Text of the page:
As noted, Moulton has served as the Congressman from Massachusetts’s 6th Congressional District since first being elected to that seat in 2014. He has since been re-elected twice, in 2016 and 2018, with high margins of victory over what has amounted to token opposition. Prior to that time, Moulton had graduated from Harvard University with a B.A. in Fine Arts and joined the Marine Corps, serving four tours of duty in Iraq during which he earned two Bronze Stars and attained the rank of Captain before leaving in the service in 2008. Moulton’s unit was among the first American units to enter Baghdad during the war, receiving his commendations during two battles in 2003 and 2004 after the fall of Baghdad. After the Marines, Moulton returned to Harvard where he took part in a dual-degree program at Harvard Business School and Harvard’s Kennedy School of Government, earning a Masters of Business Administration after which he entered the private sector before entering politics. In 2014, Moulton made some national headlines by challenging incumbent Democrat John Tierney for the Democratic nomination in the 6th District, making some waves by stating publicly that he opposed the Iraq War in which he had served. Moulton ended up beating Tierney by a narrow margin in a closely fought race.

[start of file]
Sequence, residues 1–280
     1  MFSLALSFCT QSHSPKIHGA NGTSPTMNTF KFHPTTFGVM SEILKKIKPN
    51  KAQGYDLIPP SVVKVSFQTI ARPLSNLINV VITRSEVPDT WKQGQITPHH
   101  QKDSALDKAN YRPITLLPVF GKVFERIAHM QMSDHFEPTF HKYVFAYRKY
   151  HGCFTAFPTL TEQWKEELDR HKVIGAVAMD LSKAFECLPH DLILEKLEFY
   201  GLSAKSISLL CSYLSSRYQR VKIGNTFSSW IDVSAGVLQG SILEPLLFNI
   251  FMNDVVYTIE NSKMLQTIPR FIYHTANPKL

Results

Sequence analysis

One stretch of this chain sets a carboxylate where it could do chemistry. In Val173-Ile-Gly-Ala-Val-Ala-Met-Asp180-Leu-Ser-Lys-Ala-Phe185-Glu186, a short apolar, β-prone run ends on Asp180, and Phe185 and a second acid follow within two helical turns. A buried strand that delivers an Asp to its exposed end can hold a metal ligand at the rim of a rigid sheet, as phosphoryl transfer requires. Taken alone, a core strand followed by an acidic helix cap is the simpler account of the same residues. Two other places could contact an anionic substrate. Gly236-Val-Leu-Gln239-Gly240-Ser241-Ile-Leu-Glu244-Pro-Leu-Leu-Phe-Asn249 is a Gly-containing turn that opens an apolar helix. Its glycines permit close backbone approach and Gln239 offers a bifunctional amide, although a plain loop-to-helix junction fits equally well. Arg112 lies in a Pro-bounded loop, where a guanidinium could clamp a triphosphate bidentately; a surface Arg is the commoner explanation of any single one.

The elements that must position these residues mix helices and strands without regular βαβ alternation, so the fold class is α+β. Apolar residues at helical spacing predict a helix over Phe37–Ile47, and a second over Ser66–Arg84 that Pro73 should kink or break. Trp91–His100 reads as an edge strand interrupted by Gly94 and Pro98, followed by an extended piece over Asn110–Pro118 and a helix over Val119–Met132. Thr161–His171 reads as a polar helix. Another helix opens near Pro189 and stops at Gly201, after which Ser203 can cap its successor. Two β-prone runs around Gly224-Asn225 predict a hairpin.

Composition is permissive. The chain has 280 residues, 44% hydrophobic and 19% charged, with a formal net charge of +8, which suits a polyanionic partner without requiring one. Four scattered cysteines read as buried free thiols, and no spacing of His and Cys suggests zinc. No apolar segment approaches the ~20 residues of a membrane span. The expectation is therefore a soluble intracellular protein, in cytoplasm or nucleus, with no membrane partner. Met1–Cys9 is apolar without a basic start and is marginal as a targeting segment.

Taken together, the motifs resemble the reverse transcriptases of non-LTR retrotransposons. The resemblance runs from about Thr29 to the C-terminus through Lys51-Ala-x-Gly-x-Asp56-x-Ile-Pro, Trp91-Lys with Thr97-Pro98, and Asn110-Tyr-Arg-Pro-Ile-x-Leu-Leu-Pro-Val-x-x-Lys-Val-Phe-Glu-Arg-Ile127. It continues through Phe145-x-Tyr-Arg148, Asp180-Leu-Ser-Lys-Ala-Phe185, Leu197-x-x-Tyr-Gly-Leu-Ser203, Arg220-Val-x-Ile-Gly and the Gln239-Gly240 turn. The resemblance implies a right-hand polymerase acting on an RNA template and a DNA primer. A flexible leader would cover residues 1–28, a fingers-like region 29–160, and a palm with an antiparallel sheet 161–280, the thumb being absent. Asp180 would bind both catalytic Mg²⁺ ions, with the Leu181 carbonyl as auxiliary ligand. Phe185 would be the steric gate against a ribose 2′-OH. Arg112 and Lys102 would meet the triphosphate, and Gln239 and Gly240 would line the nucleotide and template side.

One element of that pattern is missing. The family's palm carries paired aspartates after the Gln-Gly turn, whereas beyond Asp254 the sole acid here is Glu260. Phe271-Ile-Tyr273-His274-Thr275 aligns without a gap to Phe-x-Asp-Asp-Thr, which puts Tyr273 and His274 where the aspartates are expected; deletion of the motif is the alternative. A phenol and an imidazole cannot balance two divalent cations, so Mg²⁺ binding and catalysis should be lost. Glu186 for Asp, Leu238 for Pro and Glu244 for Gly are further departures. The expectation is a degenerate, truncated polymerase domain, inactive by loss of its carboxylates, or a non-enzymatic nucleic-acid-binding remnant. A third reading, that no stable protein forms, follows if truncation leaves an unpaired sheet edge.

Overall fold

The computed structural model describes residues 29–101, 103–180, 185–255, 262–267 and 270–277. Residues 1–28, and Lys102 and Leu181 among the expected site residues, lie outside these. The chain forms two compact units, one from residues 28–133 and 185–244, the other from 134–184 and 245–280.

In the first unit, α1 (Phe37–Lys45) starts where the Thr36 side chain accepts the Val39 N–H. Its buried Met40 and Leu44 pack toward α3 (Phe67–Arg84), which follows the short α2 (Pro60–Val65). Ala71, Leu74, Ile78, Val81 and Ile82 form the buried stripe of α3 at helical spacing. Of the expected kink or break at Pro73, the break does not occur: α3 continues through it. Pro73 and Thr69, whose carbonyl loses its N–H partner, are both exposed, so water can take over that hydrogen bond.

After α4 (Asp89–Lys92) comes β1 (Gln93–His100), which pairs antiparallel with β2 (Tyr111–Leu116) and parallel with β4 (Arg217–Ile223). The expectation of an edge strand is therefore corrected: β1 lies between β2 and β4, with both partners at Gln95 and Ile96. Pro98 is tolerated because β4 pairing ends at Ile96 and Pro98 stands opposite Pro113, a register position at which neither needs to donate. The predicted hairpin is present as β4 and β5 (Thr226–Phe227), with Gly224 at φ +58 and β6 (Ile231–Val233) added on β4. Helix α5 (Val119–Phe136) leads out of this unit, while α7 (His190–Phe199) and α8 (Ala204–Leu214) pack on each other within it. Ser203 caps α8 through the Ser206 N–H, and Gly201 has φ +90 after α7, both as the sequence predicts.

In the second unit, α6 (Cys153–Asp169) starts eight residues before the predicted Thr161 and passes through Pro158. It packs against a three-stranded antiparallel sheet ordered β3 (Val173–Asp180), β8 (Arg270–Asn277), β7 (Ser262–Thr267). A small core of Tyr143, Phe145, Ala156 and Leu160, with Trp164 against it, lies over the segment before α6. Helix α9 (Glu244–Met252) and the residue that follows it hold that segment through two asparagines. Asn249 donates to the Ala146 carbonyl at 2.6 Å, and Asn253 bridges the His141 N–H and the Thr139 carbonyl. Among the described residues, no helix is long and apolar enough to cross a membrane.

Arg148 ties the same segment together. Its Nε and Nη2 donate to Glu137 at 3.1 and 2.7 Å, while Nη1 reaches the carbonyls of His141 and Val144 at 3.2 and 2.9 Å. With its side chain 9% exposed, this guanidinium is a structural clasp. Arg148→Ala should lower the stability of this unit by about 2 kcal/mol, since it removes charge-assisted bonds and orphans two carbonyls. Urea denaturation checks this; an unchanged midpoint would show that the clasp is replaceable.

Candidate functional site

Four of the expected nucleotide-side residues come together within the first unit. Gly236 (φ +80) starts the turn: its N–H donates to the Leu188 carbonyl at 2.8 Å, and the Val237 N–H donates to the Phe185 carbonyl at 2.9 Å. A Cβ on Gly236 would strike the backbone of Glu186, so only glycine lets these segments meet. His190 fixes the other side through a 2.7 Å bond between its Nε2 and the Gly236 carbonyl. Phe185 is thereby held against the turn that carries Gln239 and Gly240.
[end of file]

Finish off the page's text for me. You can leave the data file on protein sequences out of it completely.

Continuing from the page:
As noted, Moulton has most notably distinguished himself as one of the Members of Congress who attempted to take on Nancy Pelosi and the rest of the House Democratic Leadership both after the 2016 election and in the wake of the Democratic Party’s successful effort to retake control of the House of Representatives in 2018. While those bids were unsuccessful. they did earn Moulton no small degree of public notoriety as something of a rebel inside his own party, Moulton has also highlighted issues such as election reform, including proposals to make Election Day a national holiday. He has also argued in favor of abolishing the filibuster and the Electoral College. although as a member of the House he obviously has no say on the issue of the filibuster and would have no say on the issue as President.
Given the size of the Democratic field, it’s hard to see how Moulton is going to distinguish himself sufficiently from a bunch of other candidates who are also young, mostly progressive-leaning, and somewhat out of step with the older members of their party. Nathaniel Rakich at FiveThirtyEight offers up some possible paths to victory for Moulton, but they seem to be pretty far-fetched at the present time. As noted, Moulton is one of several members of the House of Representatives in the Democratic field. and it certainly isn’t among the best-known among them. Add into this the fact that we have not elected a President directly from the House of Representatives in some 139 years it seems unlikely that candidates like Moulton will be able to distinguish themselves in an already crowded field.
He and Tulsi Gabbard and Howard Schultz are in the same category, “Candidates only Their Families Support”
I think we’ve reached the point that any Democratic politician has to run for president just so people will believe they are a Democrat.
Have we reached the moment where it is easier to mention who is not running for the Dem nomination than who is?
Harvard MBA… Everyone, flee!
Beto is fizzling out faster than a firecracker in a July 4 thunderstorm.
I wonder if Alan Keyes is getting the itch.